Philemon, too, supported Paul’s work. He reminded Philemon that he had Paul to thank for bringing him, his family, Onesimus and all his slaves to Christ Jesus. The benefactor of Paul was in the Apostle’s debt: May I not tell you that you owe me your very self.”9 St. Paul did not lord that over Philemon when he noted it for the record.  He recognized Jesus had made Philemon and Paul each a partner of the other.10

The point is transformation. Transformation worked by risen Jesus through his Spirit. Transformation of a timid Paul: he stood up for a slave who was much more: a brother in Jesus; brother even to his master.11 With Jesus as the hinge in their and all relationships transformation of their social obligation was afoot. Real obligation and gratitude for living belong to risen Jesus. Benefactor Philemon owed it no less than receiver of kindness, Paul.

Transformation invites us: the way we understand useful in our Catholic lives. Jesus invites us to understand useful not as doing but as identity: being in risen Jesus. Knowing ourselves rooted in Jesus and created by Jesus each moment helps us appreciate all humans are images and likenesses of their Creator and Redeemer. Noticing Jesus creating and redeeming us releases us from the grip of our weaknesses, possessions and relationships to partner freely with Jesus and give witness to him by our choices and our ways of living. Pope Francis recently expressed the usefulness of Christian identity this way: “Be always united with Christ, building his Kingdom with fraternity, sharing and merciful works.”12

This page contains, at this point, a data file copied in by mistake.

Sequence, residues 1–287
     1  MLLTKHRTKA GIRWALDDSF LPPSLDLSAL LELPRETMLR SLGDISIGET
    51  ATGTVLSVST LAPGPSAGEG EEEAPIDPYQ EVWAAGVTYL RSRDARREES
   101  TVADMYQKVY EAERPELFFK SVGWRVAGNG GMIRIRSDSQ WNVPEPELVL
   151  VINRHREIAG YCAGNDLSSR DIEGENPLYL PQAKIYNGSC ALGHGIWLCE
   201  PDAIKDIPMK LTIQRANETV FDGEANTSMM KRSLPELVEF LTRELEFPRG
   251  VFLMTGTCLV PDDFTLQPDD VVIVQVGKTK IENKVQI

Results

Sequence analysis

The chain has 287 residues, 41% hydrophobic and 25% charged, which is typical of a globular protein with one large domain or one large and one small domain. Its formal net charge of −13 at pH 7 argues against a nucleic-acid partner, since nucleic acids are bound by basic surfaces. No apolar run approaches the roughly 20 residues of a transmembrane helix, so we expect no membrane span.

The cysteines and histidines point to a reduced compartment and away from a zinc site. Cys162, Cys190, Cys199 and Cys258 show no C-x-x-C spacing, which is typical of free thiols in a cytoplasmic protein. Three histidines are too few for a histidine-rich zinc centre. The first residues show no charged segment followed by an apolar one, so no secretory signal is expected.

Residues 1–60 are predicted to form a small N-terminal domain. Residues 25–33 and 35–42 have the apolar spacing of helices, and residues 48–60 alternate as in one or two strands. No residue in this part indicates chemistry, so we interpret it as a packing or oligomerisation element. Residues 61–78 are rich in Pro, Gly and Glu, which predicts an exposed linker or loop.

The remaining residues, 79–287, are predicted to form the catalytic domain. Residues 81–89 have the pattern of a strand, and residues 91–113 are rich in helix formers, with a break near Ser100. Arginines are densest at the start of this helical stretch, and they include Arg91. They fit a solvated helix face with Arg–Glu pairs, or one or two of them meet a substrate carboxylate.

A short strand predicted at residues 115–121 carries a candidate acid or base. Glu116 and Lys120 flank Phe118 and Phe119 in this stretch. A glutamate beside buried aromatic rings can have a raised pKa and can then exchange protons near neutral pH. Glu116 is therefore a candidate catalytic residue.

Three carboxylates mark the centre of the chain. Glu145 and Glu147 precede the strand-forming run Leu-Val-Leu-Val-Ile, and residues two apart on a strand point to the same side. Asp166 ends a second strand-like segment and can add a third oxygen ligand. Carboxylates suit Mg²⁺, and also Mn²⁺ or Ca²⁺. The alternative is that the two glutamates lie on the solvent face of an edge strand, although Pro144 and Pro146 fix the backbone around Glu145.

In your daily 15 minutes with Jesus this week
  • Pause in the bright shadow of the Trinity.
  • Ask St. Paul to present you to Jesus.
  • In your words chat with Jesus: praise him for creating and redeeming you; thank him for choosing you to serve…[his] gospel.
  • Ask Jesus for the grace to allow him to transform you more into the person Jesus creates and redeems: a wise not a timid disciple.
  • Close saying slowly the Lord’s Prayer. Thy will be done on our lips is not about any whims of God but about serving the gospel. The gospel guides us to embody God’s desires for the world. Jesus gives us his wisdom to live them.

Link to this homily’s Spiritual Exercise
  1. 2 Corinthians 11.28: And, apart from other things, there is the daily pressure upon me of my anxiety for all the churches.
  2. 2 Corinthians 12.7-10: What began in his flesh affected his inner self.
  3. Galatians 4.13-14
  4. If I must boast, I will boast of the things that show my weakness. St. Paul enumerates several causes in 2 Corinthians 11.23-27, of which beatings was one.
  5. Also see Philippians 1.
  6. Philemon 11.The lectionary framers did not include this verse which is within today’s reading.
  7. Suetonius, The Lives of the Twelve Caesars: Life of Claudius, 25:4, is one example.
  8. Early preachers of Christianity played on the misunderstanding in their defense. Justin Martyr did in his First Apology.
  9. Philemon 19.
  10. Philemon 17.
  11. Philemon 16.
  12. At the 04 September General Audience to Arabic speaking pilgrims.